APRA has conceded that it needs to do more to rein-in misconduct.

The finance regulator has also challenged the finance sector to adopt professional standards.

The banking royal commission's interim report has revealed greed often wins over basic standards of honesty and regulatory inaction, creating systemic misconduct across the financial services sector.

“When misconduct was revealed, it either went unpunished or the consequences did not meet the seriousness of what had been done,” Commissioner Kenneth Hayne wrote in his interim report.

Speaking to a Financial Services Institute of Australasia (FINSIA) forum, APRA chair Wayne Byres said both regulators and the industry should already be looking for ways to drive change.

“The royal commission has suggested, amongst other things, that regulators can and should do more to actively enforce standards of behaviour within the financial sector, and punish those who breach them,” he said.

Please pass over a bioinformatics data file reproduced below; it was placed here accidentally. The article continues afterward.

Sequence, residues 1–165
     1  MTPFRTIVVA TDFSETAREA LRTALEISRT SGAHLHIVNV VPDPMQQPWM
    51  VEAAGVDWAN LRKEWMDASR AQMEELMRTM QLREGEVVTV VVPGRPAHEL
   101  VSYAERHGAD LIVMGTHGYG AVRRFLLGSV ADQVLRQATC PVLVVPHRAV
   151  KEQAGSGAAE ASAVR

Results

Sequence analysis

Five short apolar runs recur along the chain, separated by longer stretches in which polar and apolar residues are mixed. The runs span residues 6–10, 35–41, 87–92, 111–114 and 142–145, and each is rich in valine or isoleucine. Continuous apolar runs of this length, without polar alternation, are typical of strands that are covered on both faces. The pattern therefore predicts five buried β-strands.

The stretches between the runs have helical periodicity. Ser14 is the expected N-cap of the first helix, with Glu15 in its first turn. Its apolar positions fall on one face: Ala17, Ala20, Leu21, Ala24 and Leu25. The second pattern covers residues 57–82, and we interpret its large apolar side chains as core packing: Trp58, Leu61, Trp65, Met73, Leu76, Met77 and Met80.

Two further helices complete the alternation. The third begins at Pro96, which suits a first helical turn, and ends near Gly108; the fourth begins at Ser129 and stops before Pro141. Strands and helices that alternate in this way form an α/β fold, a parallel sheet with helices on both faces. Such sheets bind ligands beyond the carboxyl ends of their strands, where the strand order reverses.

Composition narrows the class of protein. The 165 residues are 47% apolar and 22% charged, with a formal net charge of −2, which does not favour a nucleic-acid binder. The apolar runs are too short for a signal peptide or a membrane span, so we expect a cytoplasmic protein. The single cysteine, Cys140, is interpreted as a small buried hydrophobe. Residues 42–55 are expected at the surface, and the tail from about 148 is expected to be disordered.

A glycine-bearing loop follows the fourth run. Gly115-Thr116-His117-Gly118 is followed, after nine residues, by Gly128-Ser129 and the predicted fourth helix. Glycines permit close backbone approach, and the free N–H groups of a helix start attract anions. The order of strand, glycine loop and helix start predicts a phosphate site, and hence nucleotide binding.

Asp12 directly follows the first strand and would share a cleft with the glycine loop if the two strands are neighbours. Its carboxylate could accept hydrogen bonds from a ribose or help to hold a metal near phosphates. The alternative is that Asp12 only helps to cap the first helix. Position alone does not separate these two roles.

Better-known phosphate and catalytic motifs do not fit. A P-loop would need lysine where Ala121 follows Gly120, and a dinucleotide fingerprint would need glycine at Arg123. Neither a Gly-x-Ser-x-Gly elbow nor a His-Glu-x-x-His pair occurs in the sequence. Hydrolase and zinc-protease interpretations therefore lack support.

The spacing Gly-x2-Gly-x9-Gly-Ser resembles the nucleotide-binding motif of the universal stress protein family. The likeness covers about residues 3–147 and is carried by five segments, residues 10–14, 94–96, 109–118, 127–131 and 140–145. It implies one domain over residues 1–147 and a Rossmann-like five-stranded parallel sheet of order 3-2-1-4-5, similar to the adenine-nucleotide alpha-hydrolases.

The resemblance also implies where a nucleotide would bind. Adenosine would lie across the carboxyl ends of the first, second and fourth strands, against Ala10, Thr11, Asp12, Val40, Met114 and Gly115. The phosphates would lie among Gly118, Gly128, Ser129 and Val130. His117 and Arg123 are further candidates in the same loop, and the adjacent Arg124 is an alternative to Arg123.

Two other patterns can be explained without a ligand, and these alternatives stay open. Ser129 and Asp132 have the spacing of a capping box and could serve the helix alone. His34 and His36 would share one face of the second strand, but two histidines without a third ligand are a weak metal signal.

“Based on what has been revealed, that is a quite reasonable conclusion.

“Consistent with prudential supervisors around the world, APRA has traditionally examined cases of poor conduct as an indicator of risk, but not a direct prudential risk in and of itself, unless it was likely to jeopardise the stability of the system or an individual institution.

“We will clearly need to reflect on that approach.

“Regulatory initiatives in the pipeline — accountability statements, remuneration restrictions, strengthened governance requirements, greater attention to organisational culture, and more forceful enforcement — will drive change.

“But to truly generate cultural change within the industry, the task cannot be left to regulators alone.

“There is no defined body of knowledge or high entry standards for those who perform key roles.

“Where codes of conduct exist, they are often totally voluntary.

“And on the evidence before the royal commission, the balance between self-interest, company interest and serving the community's interest has not always been appropriately struck.”